Thirteen states, dubbed “Tobacco Nation,” have smoking rates that top the rest of the United States, and their residents face greater health challenges, a new study by Truth Initiative concludes.
Within these 13 states – Alabama, Arkansas, Indiana, Kentucky, Louisiana, Michigan, Mississippi, Missouri, Ohio, Oklahoma, South Carolina, Tennessee and West Virginia – the adult smoking rate is 6 percent higher than the average in other states, 21 percent vs. 15 percent, according to the study released Thursday by Truth Initiative, a public health organization.
The states that make up Tobacco Nation have shown little in the way of reductions in tobacco use, unlike the rest of the nation, according to the study, and Tobacco Nation residents have less access to health care.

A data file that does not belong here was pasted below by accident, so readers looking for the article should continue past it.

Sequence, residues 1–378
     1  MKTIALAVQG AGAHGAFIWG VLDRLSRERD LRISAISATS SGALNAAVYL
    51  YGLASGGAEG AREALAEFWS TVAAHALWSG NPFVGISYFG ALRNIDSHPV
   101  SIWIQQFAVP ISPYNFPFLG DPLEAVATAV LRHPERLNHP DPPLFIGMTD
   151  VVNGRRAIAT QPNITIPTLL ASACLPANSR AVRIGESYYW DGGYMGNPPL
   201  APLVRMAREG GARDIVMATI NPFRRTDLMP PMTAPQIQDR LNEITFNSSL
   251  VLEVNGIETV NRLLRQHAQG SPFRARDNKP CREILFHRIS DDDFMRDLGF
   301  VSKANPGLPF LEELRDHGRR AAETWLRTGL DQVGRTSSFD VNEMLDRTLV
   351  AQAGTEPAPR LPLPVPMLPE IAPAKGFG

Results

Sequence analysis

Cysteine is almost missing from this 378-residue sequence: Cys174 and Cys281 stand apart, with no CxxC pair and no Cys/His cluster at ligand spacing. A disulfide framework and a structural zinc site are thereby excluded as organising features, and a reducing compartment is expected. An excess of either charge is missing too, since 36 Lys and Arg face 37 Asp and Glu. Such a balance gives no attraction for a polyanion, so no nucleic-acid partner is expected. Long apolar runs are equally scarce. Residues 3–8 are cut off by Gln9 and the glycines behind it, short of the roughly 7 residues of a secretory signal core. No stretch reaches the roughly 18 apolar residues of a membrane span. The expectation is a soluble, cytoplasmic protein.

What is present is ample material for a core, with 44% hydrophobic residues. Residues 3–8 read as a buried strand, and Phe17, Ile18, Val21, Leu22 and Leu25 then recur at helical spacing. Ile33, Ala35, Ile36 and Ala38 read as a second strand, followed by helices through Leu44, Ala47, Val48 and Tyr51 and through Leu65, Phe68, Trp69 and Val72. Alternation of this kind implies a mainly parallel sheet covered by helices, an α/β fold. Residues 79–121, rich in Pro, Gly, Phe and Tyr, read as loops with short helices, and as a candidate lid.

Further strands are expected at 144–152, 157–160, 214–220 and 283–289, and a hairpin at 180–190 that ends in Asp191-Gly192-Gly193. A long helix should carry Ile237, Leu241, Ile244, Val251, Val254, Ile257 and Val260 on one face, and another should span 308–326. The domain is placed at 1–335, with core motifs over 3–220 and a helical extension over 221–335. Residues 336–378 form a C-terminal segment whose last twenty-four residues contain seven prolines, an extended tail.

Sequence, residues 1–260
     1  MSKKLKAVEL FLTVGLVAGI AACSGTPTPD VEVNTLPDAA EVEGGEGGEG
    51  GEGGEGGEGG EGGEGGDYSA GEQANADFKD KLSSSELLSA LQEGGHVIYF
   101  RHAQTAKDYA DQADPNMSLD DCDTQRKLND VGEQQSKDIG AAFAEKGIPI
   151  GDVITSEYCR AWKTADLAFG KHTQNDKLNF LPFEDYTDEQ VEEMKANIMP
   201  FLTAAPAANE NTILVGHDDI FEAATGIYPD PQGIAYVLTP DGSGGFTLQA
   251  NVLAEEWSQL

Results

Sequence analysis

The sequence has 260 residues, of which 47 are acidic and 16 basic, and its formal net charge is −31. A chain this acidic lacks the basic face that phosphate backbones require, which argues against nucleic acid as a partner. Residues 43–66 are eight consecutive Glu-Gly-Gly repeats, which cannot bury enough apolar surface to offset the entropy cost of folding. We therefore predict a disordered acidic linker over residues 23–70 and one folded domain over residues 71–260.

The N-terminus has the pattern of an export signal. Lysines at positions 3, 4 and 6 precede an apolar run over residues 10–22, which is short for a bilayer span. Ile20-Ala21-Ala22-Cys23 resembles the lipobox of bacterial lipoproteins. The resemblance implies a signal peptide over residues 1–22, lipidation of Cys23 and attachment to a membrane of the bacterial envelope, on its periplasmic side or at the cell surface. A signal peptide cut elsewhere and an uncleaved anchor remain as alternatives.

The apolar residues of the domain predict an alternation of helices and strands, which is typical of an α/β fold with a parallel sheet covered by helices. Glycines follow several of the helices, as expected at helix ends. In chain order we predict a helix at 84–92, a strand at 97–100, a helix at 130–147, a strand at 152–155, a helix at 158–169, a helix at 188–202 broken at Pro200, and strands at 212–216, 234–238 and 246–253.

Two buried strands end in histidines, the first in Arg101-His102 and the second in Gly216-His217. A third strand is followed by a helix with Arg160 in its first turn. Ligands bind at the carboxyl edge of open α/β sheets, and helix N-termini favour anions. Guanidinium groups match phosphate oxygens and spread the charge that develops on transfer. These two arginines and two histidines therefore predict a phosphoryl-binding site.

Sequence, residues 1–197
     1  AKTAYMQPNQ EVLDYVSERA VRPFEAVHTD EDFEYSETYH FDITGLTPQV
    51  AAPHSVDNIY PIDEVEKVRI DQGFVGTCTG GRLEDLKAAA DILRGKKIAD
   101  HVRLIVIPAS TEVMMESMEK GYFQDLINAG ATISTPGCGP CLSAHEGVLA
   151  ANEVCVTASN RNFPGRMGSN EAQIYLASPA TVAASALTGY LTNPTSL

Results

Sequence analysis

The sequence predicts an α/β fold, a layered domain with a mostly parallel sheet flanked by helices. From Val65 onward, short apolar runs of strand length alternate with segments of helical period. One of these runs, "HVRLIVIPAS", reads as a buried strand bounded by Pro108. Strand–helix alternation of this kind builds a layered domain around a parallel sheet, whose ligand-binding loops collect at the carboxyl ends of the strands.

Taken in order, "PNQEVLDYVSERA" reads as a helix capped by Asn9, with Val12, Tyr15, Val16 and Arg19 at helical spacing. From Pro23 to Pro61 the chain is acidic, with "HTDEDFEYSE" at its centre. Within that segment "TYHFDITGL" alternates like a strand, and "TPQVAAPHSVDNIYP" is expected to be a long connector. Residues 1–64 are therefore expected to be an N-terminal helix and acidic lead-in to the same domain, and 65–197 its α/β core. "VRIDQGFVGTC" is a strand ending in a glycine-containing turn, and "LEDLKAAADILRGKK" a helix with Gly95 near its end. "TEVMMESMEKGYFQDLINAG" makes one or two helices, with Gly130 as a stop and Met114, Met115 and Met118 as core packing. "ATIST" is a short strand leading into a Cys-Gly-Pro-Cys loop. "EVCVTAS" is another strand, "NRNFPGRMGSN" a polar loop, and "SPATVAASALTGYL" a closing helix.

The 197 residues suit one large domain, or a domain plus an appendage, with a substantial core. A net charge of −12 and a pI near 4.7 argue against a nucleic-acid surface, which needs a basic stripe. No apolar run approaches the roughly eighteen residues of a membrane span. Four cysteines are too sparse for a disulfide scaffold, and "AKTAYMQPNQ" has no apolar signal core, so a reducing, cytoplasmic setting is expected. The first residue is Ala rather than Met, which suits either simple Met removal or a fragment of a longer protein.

The 71 million residents of the 13 states smoke more, have shorter life expectancies, have access to fewer physicians per capita and have fewer public policies in place aimed at tobacco prevention, the study found. And the cost of cigarettes in Tobacco Nation is 19 percent cheaper than in the rest of the nation, according to the Truth Initiative study.
In addition, smokers in Tobacco Nation go through 59.2 packs annually per capita, while smokers in the rest of the nation smoke 32.1 packs, the analysis concludes.
And average life expectancy is 76.3 years in the 13 states vs. 79.3 years in the other 37 states.
Cigarette Smoking Rates in 2017
|Age Group||Tobacco Nation||Rest of U.S.|
|Youth (12 to 17 Years)||10%||6%|
|Young Adults (18 to 24 Years)||17%||11%|
|Adults (18 and Over)||21%||15%|